Ikea has been bludgeoned into reconsidering legal action against fansite IkeaHackers.net – after demanding it removed all advertising – following a public outcry from the company’s own customers.
The site was set up in 2006 as a simple blog-post but has now gained a global following, having published over 3,000 Ikea customisations to date.
At the weekend, its founder published a post on the site detailing the fall out from a “cease and desist” letter served by a lawyer representing Ikea, which claimed the blog was infringing on the company’s intellectual property rights. Following negotiations, the furniture giant agreed to let the domain name remain on the condition that the site did not run any advertising, but those behind the site claimed this would make it unsustainable.
The move triggered an outpouring of support for the site from users, as well as the wider public, with many pledging to write to Ikea’s customer service team to express their disappointment.
The IkeaHackers Facebook page has attracted a string of supportive comments from its 135,000 fans. “Don’t they realise your site is actually helping their business? They should hire you!” one posted, while another wrote: “Bad move, Ikea! 80% of the items I’ve purchased there over the past five years are due to something I saw on IkeaHackers, not in their catalogue.”
Even a team of marketing professors from Finland’s Aalto University have launched a petition urging the company to overturn its decision: “In our view, Ikea’s decision painfully highlights how being in the right, legally speaking, does not mean you are in the right morally or even strategically. Communities like IkeaHackers have contributed, without exaggeration, millions of hours of free labour that have significantly benefited the Ikea brand.”
IkeaHackers has now posted an update saying Ikea had agreed to reopen negotiations about the site. It read: “Ikea would like to dialogue with me to find a new way forward. What does that mean? I don’t know yet. But I am hopeful, though my guard is still up. From our conversation, I do not have to make any changes to IkeaHackers (including the ads) till we settle on an agreement.”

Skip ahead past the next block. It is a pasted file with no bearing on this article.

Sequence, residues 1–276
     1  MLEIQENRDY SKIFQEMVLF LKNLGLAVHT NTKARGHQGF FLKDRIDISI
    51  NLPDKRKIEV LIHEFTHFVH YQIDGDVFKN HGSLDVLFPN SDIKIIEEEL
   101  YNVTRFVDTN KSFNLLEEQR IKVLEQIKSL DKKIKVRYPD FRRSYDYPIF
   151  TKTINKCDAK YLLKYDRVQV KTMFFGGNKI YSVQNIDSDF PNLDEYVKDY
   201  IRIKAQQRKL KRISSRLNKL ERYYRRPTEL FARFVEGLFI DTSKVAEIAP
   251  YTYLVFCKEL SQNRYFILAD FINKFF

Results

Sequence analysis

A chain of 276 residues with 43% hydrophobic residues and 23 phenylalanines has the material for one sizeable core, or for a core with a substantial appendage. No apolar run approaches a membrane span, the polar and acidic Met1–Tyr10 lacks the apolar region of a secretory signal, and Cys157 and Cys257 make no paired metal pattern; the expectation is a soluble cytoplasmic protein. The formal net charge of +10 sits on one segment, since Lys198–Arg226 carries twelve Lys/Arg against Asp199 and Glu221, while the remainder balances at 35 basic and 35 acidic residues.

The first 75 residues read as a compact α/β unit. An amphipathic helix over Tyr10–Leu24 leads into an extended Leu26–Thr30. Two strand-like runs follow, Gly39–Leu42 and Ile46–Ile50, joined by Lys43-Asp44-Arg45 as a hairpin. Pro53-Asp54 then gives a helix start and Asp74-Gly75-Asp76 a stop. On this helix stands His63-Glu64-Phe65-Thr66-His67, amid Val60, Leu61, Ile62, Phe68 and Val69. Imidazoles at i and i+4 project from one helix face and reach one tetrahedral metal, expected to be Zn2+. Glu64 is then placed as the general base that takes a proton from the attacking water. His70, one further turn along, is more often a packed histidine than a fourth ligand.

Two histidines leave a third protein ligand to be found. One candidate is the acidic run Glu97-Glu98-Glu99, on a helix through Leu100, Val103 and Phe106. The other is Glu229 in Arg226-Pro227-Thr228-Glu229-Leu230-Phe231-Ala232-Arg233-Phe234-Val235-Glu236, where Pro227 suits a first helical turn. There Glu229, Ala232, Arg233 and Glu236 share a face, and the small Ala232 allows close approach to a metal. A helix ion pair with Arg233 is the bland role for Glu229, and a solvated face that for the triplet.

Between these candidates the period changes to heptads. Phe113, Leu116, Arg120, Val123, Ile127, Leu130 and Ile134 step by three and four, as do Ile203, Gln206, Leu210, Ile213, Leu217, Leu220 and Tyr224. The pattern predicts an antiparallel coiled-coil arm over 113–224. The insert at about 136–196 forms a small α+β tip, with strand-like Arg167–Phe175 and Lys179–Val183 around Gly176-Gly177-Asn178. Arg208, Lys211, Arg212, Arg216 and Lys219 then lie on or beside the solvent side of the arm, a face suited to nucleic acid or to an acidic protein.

An Ikea spokeswoman told Dezeen.com that the company deeply regretted the situation. She said: “[It had] never been our ambition to stop their webpage. On the contrary, we very much appreciate the interest in our products and the fact that there are people around the world that love our products as much as we do. We are now evaluating the situation, with the intention to try to find a solution that is good for all involved.”
This is not the first time the flatpack giant has gone over the top. Last year, it threatened to close down an unofficial site, which uses pornography-style phrases such as “Check out the pussy on this Hot Malm” to promote Ikea furniture.
The site HotMalm.com – created by an employee of New York-based ad agency Droga5 – draws in visitors offering videos with titles such as ‘Twin Blonde Malms’ and ‘Hot Malm from Behind’.
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